Serverless SQL Pools do not contain data (unlike Dedicated SQL Pools) but rather allow you to cast structure over data in Azure Storage, Azure Data Lake Gen1 & 2, Cosmos DB, and the Power Platform Dataverse. There are currently 2 supported objects which can be persisted to a Serverless SQL Pools database, External Tables and Views. What are the features and functionality of each? Which should you use and in what scenarios are each useful in? In this blog post we’ll look at the differences between the functionality of External Tables and Views and scenarios each object is suited to. We’ll also look at using External Tables and Views when working with the Delta Lake format.
We’ll look at both External Tables and Views now with a comparison table at the end of this blog.
- Features & Functionality
- Useful Scenarios
- Example Syntax
- External Tables
- Features & Functionality
- Useful Scenarios
- Example Syntax
- CREATE EXTERNAL TABLE AS SELECT
- Using Delta Format with External Tables and Views
- External Tables
- Creating Tables using Spark and Querying with Serverless
- Create Table in Spark SQL
- Query Table using Serverless SQL Pools
- Comparison Table
In this blog we look at the differences between Views and External tables and useful scenarios for each. We see that Views support partition pruning whilst External tables do not. We then test using the Delta and Parquet format with Views and External Tables and see that if the source Delta data is partitioned, we can use the partition column to filter and partition prune using Views but not External Tables. However, if the External Table has been created in a Spark database using Spark Pools then we are able to query that table using Serverless SQL and are able to partition prune successfully.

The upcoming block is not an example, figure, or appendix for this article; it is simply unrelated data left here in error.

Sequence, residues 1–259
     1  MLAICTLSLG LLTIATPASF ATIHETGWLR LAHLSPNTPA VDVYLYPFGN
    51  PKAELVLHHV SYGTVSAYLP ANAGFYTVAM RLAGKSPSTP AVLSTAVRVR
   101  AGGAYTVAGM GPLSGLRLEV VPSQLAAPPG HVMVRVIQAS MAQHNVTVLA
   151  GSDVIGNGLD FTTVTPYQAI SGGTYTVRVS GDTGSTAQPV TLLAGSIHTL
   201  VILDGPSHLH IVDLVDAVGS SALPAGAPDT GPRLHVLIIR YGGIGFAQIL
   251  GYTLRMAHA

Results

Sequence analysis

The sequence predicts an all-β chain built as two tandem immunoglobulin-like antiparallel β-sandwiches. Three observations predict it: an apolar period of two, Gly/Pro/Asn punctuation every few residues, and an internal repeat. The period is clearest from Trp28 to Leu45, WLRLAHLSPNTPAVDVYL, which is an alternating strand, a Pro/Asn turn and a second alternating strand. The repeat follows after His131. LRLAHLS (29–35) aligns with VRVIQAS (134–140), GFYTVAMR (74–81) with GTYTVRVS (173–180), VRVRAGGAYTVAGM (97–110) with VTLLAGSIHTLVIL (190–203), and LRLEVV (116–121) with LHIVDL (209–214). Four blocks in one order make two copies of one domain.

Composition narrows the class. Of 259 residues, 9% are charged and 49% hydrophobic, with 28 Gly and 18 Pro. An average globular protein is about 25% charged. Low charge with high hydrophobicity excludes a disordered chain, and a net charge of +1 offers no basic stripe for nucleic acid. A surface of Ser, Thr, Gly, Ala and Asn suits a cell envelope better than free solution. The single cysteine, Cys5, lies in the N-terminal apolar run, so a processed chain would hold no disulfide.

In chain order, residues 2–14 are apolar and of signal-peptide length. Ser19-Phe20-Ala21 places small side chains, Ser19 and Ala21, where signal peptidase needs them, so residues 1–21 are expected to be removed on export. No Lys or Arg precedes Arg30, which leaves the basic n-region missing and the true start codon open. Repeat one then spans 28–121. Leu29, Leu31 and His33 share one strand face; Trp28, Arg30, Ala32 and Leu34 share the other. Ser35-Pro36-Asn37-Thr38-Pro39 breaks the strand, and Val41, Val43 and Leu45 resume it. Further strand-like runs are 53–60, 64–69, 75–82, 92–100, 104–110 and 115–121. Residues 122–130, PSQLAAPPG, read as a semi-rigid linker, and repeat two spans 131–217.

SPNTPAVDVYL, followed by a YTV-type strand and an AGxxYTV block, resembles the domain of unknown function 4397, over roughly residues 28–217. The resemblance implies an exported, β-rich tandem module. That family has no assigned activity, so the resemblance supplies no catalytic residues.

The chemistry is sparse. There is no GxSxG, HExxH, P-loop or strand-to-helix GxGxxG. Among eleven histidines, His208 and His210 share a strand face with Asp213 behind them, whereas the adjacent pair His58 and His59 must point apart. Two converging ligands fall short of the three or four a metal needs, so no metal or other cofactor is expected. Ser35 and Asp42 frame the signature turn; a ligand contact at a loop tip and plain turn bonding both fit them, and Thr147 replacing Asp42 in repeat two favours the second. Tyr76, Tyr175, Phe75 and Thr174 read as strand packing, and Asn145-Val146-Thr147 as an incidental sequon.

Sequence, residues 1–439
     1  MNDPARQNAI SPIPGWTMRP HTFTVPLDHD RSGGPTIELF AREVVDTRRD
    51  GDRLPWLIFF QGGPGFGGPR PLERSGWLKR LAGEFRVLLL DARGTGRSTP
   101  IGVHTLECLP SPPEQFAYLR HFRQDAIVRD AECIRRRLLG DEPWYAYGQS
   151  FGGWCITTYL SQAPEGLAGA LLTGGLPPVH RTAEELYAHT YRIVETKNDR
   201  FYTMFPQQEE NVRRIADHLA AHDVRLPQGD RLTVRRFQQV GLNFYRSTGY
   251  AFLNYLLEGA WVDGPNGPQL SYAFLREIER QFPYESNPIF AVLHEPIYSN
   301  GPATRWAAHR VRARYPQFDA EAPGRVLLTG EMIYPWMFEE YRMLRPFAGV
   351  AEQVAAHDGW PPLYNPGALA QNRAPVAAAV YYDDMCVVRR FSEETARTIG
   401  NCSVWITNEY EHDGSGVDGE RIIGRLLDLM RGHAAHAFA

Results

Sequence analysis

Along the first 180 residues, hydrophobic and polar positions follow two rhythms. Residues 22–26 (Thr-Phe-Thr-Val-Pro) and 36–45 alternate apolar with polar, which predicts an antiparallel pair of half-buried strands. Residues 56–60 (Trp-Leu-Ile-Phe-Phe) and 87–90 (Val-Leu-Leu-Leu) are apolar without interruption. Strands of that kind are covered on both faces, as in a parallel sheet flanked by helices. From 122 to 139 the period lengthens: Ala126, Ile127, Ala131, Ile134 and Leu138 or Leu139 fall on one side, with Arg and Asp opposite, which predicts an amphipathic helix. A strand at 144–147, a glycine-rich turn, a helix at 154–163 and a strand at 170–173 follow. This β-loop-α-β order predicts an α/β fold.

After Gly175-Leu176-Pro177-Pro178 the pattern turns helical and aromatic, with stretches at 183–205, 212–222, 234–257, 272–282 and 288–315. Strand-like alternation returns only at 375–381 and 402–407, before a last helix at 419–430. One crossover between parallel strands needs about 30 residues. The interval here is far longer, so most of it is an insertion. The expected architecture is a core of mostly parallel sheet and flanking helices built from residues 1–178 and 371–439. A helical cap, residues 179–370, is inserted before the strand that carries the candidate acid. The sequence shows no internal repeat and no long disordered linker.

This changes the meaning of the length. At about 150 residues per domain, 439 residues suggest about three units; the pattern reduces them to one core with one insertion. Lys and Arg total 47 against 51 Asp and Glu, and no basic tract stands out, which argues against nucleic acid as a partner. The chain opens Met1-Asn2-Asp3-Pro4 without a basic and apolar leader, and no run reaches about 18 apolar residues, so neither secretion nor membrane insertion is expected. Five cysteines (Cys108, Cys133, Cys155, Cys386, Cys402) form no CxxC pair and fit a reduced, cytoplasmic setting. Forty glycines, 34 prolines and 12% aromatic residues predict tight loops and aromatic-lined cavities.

Serverless SQL Pools supports the creation of SQL Views within a database which can then be queried exactly the same as a view in an Azure SQL database, Dedicated SQL Pool or a SQL Server instance. Views are useful in abstracting the syntax necessary to connect to data in an Azure Storage account or Cosmos DB. For example a Data Engineer could create a set of Views for Data Analysts and Business Intelligence Developers to use without those roles needing to understand the underlying source storage connections.
Features and Functionality
- Create a query-able view in a Serverless SQL Pools database to abstract the connection to the data source
- No need to define the columns or data types (schema information) at view creation time
- Can embed the filepath() function as a column to allow source folder partition pruning
- Needing to quickly create query-able objects over source data without explicitly stating schema
- When source data is partitioned and is large enough that partition pruning is required
- When only a specific set of columns are required to be exposed from the data source
Let’s now look at several SQL View creation syntax examples to highlight the various options available when creating Views.
The following code creates a view without defining any column names or data types plus we use the full URL to the root folder without requiring a DATA_SOURCE (URL to the Azure Storage account and Container) to be defined. The 2 * wildcards at the end of the BULK option tell Serverless SQL to traverse the folder structure. This is a quick and fast method of creating a view.
CREATE VIEW LDW.vwBlogSalesOrdersNoDataSource AS SELECT * FROM OPENROWSET( BULK 'https://storage.dfs.core.windows.net/datalakehouse/sourcedata/salesorder/**', FORMAT = 'CSV', PARSER_VERSION = '2.0', HEADER_ROW = TRUE, FIELDTERMINATOR ='|' ) AS fct
In the following code we still don’t define any columns from the underlying data but this time we use a DATA_SOURCE. Creating a DATA_SOURCE with a base URL to Azure Storage means we can re-use that location across objects and just need to define the folder structure rather than the full URL. We also use the filepath() function to create 3 columns in the View which will expose the name of the folder at the specified level. We can use these 3 columns in a WHERE clause to partition prune which will target only those folders required to satisfy the query.